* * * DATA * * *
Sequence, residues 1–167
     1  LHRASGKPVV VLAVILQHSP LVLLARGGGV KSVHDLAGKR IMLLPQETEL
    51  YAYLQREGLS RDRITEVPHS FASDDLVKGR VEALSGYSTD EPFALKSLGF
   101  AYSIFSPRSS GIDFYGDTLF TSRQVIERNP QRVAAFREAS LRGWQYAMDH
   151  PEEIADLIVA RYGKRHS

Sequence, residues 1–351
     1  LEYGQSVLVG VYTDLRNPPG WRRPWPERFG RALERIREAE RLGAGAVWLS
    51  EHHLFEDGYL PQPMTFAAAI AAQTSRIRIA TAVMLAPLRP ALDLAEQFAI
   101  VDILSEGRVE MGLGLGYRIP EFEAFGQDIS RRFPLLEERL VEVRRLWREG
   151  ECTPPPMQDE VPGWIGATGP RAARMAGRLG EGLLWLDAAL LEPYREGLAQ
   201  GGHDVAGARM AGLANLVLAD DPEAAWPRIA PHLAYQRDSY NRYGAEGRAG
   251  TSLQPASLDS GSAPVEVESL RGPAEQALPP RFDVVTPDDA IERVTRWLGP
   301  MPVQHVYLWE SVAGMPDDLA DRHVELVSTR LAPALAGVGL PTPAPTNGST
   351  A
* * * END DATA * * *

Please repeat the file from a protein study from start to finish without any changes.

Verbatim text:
Sequence, residues 1–167
     1  LHRASGKPVV VLAVILQHSP LVLLARGGGV KSVHDLAGKR IMLLPQETEL
    51  YAYLQREGLS RDRITEVPHS FASDDLVKGR VEALSGYSTD EPFALKSLGF
   101  AYSIFSPRSS GIDFYGDTLF TSRQVIERNP QRVAAFREAS LRGWQYAMDH
   151  PEEIADLIVA RYGKRHS

Sequence, residues 1–351
     1  LEYGQSVLVG VYTDLRNPPG WRRPWPERFG RALERIREAE RLGAGAVWLS
    51  EHHLFEDGYL PQPMTFAAAI AAQTSRIRIA TAVMLAPLRP ALDLAEQFAI
   101  VDILSEGRVE MGLGLGYRIP EFEAFGQDIS RRFPLLEERL VEVRRLWREG
   151  ECTPPPMQDE VPGWIGATGP RAARMAGRLG EGLLWLDAAL LEPYREGLAQ
   201  GGHDVAGARM AGLANLVLAD DPEAAWPRIA PHLAYQRDSY NRYGAEGRAG
   251  TSLQPASLDS GSAPVEVESL RGPAEQALPP RFDVVTPDDA IERVTRWLGP
   301  MPVQHVYLWE SVAGMPDDLA DRHVELVSTR LAPALAGVGL PTPAPTNGST
   351  A